Uploaded by graememajor

# Sci Investigation Prac

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Investigating gravitational potential energy (PEgravitational)
All written components of the investigation are to be completed in your science journal.
Aim: To investigate the effect of dropping objects with different masses from different heights on
the depth of impact craters.
Prediction: Examine three different objects with the same size and shape but different masses,
and predict which one will have the greatest gravitational potential energy.
I predict that an object with (more/less) mass dropped from a (higher/lower) height will have
the greatest gravitational potential energy (PEgravitational).
Variables: Complete the table of variables below and identify the independent, dependent and
controlled variables in this investigation. (Note: In this investigation you will be testing two
independent variables. To ensure that you can reach valid conclusions from the data collected, you
will need to change one independent variable at a time.)
Independent variables
Dependent variable
Controlled variables
Crater depth (mm)
Risk assessment: Read through the method and complete a risk assessment for this
investigation.
What are the risks?
How will you manage them?
Materials (per group):
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personal protective equipment, including safety glasses
3 objects with the same size and shape but different masses (Note: balls would be ideal
because they are spherical e.g. ping pong ball, golf ball, super ball; alternatively, fill identical
wide-based containers with varying amounts of sand)
large tub of damp, fine sand
1 m ruler
retort stand with clamp
30 cm ruler
electronic mass balance
A5 piece of stiff cardboard
stirring rod
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Method:
1. Make sure you are wearing personal protective equipment, including safety glasses and
appropriate footwear.
2. Measure the mass of each ball and record this in a results table.
3. Sit the tub of damp sand on the floor.
4. Use the 30 cm ruler to smooth the surface so that it is even.
5. Place the retort stand beside the tub and clamp the 1 m ruler to use as a guide for measuring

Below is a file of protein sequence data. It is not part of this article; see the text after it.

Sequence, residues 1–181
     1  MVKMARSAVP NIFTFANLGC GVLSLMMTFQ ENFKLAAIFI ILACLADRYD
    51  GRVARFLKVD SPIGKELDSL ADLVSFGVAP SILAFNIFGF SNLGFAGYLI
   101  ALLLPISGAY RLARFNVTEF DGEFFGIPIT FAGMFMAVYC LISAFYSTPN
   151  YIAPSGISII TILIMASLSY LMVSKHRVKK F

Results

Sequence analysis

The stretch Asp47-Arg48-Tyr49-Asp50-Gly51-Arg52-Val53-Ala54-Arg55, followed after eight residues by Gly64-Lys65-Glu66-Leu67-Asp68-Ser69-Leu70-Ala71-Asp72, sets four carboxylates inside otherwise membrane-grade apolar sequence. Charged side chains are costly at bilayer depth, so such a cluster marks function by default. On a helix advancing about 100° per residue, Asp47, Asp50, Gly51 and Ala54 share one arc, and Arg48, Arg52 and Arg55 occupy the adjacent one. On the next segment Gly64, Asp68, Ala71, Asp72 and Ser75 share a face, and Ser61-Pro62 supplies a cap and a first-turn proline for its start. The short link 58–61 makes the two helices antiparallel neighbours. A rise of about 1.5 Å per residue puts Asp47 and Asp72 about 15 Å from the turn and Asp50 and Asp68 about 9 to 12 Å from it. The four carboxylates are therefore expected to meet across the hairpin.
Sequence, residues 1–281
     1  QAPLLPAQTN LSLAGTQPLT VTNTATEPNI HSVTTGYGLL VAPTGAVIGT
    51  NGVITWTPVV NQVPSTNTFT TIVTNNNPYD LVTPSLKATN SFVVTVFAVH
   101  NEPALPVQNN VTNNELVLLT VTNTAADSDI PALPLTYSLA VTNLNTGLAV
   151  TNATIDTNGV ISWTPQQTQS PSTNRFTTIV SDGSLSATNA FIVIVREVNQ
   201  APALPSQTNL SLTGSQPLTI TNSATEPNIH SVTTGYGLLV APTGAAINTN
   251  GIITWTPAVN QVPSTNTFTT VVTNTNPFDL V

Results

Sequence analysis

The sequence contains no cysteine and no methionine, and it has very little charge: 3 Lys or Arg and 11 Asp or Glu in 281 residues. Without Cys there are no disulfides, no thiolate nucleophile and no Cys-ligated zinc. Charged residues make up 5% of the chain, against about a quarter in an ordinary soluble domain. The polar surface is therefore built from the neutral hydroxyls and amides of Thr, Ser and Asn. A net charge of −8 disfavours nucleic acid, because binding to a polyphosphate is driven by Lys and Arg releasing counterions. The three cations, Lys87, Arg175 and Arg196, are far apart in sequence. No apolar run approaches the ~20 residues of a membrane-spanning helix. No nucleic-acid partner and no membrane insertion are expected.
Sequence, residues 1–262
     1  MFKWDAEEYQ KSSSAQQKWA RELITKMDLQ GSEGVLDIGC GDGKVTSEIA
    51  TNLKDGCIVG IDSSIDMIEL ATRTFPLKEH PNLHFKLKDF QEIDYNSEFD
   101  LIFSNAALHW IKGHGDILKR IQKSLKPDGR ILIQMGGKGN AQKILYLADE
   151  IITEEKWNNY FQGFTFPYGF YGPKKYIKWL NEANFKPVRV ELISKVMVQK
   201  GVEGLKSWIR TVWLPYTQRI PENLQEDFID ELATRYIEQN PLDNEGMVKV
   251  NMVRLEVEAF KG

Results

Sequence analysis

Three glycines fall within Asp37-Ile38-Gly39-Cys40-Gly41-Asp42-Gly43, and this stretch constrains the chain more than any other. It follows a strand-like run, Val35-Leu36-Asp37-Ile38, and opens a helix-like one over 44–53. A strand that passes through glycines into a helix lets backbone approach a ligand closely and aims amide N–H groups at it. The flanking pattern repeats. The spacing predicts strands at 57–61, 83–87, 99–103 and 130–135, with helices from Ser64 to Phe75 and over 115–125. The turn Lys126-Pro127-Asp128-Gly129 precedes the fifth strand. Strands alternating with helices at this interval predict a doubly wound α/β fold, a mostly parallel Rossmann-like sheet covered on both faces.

the drop height. The 0 cm mark on the ruler should be at the surface level of the sand.
6. Write a suitable method to accurately measure the depth of the impact crater in mm, using the
cardboard, stirring rod and ruler.
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7. Drop the first object from a 30 cm height into the sand and then carefully remove the object
without disturbing the sand.
8. Carefully measure the depth of the crater using your method.
9. Record the depth of the impact crater in the results table.
10. Smooth the surface of the tub before the next trial.
11. Repeat steps 7–10 twice more.
12. Repeat steps 7–11 for 60 cm and then 100 cm drop heights.
13. Repeat steps 7–12 for the other two objects of different mass.
Results:
Draw a results table to record your measurements, remembering that you are testing two
independent variables: mass and height. The following is an example of how data for Object 1
might be recorded in a table. Ensure that you choose a format that will enable you to show all the
data collected in this experiment.
Object Mass
(g)
1
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Crater depth 30 cm
drop
Crater depth 60 cm
drop
Crater depth 100 cm
drop
1.
1.
1.
2.
2.
2.
3.
3.
3.
Av.
Av.
Av.
Represent your data in a bar graph showing the relationship between each independent variable
and the dependent variable. (Use an appropriate scale for the crater depth.)
Average crater depth (mm)
The effect of mass or height of drop on crater depth (PEgravitational)
0
30
60
100
Object 1 (?) g
30
60
100
Object 2 (?) g
30
60
100
Object 3 (?) g
Mass of object (g) / Height of drop (cm)
Discussion:
1. Compare your data with your prediction. Explain any differences.
2. What relationship do you think exists between crater depth and the amount of gravitational
potential energy?
3. What conclusions can you make about gravitational potential energy, mass and drop height?
Justify your conclusions using your data.
4. How did you ensure your tests were fair?
5. What improvements could you make to the method?
6. How and why would these improvements increase the accuracy and reliability of the data
collected? (Hint: Consider controlling variables.)
Conclusion: Write statements summarising your conclusions as they relate to your data and the
aim of the investigation.
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